Beyond finding empty bottles of cough syrup, styrofoam cups, soda, and candy among your loved one's belongings, it's important to watch out for any changes in personality and behavior. Changes might include being irritable, changes in sleep patterns, a loss of interest in school or social activities, or a sudden change in friends.

Spotting the Signs of Overdose

If you suspect someone has overdosed on sizzurp, call 911 immediately or the national toll-free Poison Help hotline (800-222-1222).

  • Bluish-colored fingernails and lips
  • Breathing problems (slow and labored breathing, shallow breathing, no breathing)
  • Cold, clammy skin
  • Coma
  • Confusion
  • Dizziness
  • Drowsiness
  • Fatigue
  • Lightheadedness
  • Loss of consciousness
  • High or low blood pressure
  • Muscle twitches
  • Tiny pupils
  • Spasms of the stomach and intestines
  • Weakness
  • Weak pulse

Commercial Products

A number of commercial products have emerged that are inspired by purple drank and include herbal ingredients such as melatonin, rose hips, and valerian. These products are often marketed as relaxation aids and sometimes use similar-sounding names such as "Lean" or "Purple Stuff." Such products have been criticized for serving as a potential "gateway" to illicit drug use.

Just because the main ingredients in purple drank are "legal" or sold over the counter in a pharmacy does not make it safe to drink. When not used as directed on the label or exactly prescribed, cough medicine (and other over-the-counter) drugs can be harmful to your health.

It can be difficult to know what these products actually contain and the potential effects these substances may have. Always talk to your doctor before using such products, since even herbal ingredients can lead to potentially serious interactions and side effects.

Tolerance, Dependence, and Withdrawal

Codeine is a habit-forming opioid pain reliever, which means taking more than prescribed can easily lead to dependence and potentially addiction. It is possible to build a tolerance to purple drank, which puts you at a greater risk for overdose as well.

How Long Does Purple Drank Stay in Your System?

How long promethazine with codeine cough syrup will remain in your body depends on several factors, including dosage, how often you use the medication, your age, weight, and metabolism, as well as your hydration and activity levels.

While there is no exact drug test or timeline for purple drank, here is an estimated detection window for codeine according to drug test type:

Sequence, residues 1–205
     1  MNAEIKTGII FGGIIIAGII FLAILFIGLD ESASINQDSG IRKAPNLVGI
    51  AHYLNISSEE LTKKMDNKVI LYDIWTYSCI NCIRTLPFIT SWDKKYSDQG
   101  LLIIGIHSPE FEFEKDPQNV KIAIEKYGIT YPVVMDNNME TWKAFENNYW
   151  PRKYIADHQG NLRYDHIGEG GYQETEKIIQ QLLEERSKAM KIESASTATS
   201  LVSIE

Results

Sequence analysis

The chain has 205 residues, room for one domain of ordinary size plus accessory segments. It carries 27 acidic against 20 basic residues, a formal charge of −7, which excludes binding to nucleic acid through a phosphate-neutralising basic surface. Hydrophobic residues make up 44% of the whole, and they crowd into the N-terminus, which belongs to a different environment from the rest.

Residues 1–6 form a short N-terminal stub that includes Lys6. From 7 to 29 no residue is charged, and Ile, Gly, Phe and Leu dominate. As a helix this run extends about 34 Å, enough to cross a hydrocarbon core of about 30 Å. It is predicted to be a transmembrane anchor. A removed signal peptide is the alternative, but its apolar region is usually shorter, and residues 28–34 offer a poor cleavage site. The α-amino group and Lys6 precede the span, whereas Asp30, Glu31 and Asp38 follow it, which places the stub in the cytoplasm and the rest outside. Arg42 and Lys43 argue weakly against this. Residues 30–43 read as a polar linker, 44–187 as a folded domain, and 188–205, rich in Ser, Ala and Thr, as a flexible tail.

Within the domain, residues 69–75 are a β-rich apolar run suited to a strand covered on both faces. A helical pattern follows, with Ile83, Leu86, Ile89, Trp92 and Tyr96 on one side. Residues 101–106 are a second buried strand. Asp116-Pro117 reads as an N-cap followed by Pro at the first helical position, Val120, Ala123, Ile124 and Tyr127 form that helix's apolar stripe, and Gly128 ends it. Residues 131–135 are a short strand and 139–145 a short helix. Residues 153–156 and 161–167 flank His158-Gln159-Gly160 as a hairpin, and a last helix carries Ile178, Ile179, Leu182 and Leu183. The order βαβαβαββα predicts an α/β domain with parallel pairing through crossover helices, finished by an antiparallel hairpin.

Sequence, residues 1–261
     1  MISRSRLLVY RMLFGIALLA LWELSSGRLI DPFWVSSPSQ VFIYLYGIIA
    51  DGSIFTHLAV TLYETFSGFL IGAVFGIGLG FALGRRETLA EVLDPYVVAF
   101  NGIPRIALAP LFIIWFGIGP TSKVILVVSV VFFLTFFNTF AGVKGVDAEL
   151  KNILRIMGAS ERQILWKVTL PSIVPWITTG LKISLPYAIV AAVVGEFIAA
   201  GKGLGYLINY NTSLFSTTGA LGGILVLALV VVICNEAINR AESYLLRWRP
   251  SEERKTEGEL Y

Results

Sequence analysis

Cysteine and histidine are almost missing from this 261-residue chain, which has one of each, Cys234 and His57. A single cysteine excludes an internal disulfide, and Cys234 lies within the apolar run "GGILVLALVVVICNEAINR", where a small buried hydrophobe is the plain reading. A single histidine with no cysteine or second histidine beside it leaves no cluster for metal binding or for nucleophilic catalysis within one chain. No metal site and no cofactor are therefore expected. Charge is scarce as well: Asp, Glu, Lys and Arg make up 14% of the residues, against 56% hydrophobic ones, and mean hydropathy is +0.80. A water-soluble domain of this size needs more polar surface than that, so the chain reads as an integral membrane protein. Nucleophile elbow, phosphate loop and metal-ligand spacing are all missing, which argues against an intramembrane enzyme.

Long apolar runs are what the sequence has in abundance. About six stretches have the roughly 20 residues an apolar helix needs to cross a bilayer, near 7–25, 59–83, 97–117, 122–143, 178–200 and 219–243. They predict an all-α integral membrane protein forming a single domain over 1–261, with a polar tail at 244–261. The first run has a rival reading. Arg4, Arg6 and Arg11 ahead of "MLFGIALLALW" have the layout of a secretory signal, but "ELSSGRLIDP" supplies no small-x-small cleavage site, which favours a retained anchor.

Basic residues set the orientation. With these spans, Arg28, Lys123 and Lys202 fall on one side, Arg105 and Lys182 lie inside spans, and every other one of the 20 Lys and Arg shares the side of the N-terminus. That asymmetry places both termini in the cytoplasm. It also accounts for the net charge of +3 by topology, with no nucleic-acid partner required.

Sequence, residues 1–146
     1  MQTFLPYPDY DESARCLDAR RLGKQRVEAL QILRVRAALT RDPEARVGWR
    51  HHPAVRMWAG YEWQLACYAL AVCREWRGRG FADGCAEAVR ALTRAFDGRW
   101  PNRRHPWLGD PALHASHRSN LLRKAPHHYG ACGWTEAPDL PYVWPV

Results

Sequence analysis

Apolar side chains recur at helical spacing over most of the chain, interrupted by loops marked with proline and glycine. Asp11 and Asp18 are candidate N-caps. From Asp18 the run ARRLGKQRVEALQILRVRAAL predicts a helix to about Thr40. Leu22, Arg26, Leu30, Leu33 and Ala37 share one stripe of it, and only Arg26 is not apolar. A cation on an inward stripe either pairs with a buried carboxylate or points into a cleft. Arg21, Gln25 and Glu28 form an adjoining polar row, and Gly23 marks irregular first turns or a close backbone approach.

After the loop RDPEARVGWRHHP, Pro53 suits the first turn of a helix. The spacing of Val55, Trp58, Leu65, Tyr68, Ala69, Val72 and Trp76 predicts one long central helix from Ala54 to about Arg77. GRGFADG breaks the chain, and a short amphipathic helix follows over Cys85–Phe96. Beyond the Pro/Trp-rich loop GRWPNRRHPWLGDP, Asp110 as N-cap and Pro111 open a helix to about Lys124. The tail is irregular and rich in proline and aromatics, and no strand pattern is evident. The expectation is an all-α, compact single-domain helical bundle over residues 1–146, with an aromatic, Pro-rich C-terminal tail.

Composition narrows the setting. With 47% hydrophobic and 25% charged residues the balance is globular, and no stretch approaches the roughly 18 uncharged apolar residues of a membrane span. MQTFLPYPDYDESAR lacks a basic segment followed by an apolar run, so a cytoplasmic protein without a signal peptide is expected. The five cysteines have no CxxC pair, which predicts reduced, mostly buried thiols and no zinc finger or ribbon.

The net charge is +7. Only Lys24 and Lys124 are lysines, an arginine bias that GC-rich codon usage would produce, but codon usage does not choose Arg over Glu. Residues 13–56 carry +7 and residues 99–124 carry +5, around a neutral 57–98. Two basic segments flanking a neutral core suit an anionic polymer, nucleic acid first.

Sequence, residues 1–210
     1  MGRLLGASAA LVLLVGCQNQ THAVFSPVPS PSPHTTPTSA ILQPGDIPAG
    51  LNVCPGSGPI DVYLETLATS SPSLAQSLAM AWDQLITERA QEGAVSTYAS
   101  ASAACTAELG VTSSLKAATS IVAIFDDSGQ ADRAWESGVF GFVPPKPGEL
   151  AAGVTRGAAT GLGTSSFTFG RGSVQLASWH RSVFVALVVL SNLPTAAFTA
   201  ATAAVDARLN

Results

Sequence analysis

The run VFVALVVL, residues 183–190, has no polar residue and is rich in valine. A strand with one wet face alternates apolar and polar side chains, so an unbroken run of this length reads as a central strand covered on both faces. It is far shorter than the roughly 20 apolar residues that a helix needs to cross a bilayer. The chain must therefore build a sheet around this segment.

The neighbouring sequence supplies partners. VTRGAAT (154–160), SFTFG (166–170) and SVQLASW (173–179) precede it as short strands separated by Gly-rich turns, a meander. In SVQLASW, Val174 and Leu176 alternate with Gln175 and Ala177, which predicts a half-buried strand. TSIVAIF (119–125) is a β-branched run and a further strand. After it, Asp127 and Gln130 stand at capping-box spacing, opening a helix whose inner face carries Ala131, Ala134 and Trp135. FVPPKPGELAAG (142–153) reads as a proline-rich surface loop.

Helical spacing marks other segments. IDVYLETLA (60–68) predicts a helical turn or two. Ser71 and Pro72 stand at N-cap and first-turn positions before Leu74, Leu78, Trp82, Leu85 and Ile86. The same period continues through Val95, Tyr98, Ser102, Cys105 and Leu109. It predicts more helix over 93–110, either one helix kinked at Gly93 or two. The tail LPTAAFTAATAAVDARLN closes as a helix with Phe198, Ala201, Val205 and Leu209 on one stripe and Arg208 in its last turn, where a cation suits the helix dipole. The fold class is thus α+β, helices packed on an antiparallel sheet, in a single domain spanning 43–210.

• Urine: 2 to 3 days
  • Blood: Up to 24 hours
  • Saliva: 1 to 4 days
  • Hair follicle: Up to 2 to 3 months (but will not register until 2 to 3 weeks after use)


Developing an addiction to purple drank is possible—but it won't happen overnight. Factors like genetics, environment, underlying mental health as well as the frequency of use all play a role in whether or not someone develops an addiction.


If someone builds a tolerance to sizzurp and then suddenly stops taking it, they may experience symptoms of withdrawal, including:

  • Anxiety
  • Chills or goosebumps
  • Diarrhea
  • Faster heartbeat
  • Irritability
  • Loss of appetite
  • Muscle aches
  • Nausea and vomiting
  • Runny nose
  • Sleep problems
  • Sweating
  • Teary eyes
  • Yawning

Withdrawal from purple drank use can be very uncomfortable, but it is not life-threatening. However, complications can occur that pose a potential danger. For example, vomiting and diarrhea can cause dehydration as well as chemical and mineral disturbances in the body.

Overdose is also possible if someone quits and then takes the same dose of the drug again. Their body will no longer be able to tolerate the amount they used to take.

How to Get Help

If you or a loved one is misusing cough syrup, please seek help. Consult with a primary care physician, nurse practitioner, or mental health professional who can refer you to an addiction specialist.

If you or a loved one are struggling with substance use or addiction, contact the Substance Abuse and Mental Health Services Administration (SAMHSA) National Helpline at 1-800-662-4357 for information on support and treatment facilities in your area. 

For more mental health resources, see our National Helpline Database.

You may need long-term recovery support or addiction treatment to stay off this drug cocktail, including:

Remember: There's no shame in getting help; it's one of the bravest things you can do.

11 Sources
Verywell Mind uses only high-quality sources, including peer-reviewed studies, to support the facts within our articles. Read our editorial process to learn more about how we fact-check and keep our content accurate, reliable, and trustworthy.
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  4. University of Michigan. Monitoring the Future.

  5. National Institute of Drug Abuse. Hallucinogens and Dissociative Drugs.

  6. Rogers AH, Bakhshaie J, Buckner JD, et al. Opioid and cannabis co-use among adults with chronic pain: Relations to substance misuse, mental health, and pain experienceJ Addict Med. 2019;13(4):287-294. doi:10.1097/ADM.0000000000000493

  7. U.S. Library of Medicine. ToxNet: Promethazine.

  8. U.S. Library of Medicine. ToxNet: Codeine.

  9. National Institute on Drug Abuse. Cough and cold medicine abuse.

  10. U.S. Department of Justice, National Drug Intelligence Center. DrugAlert Watch: Resurgence in abuse of ‘purple drank’.

  11. World Health Organization. Clinical Guidelines for Withdrawal Management and Treatment of Drug Dependence in Closed Settings.

Additional Reading

By Naveed Saleh, MD, MS
Naveed Saleh, MD, MS, is a medical writer and editor covering new treatments and trending health news.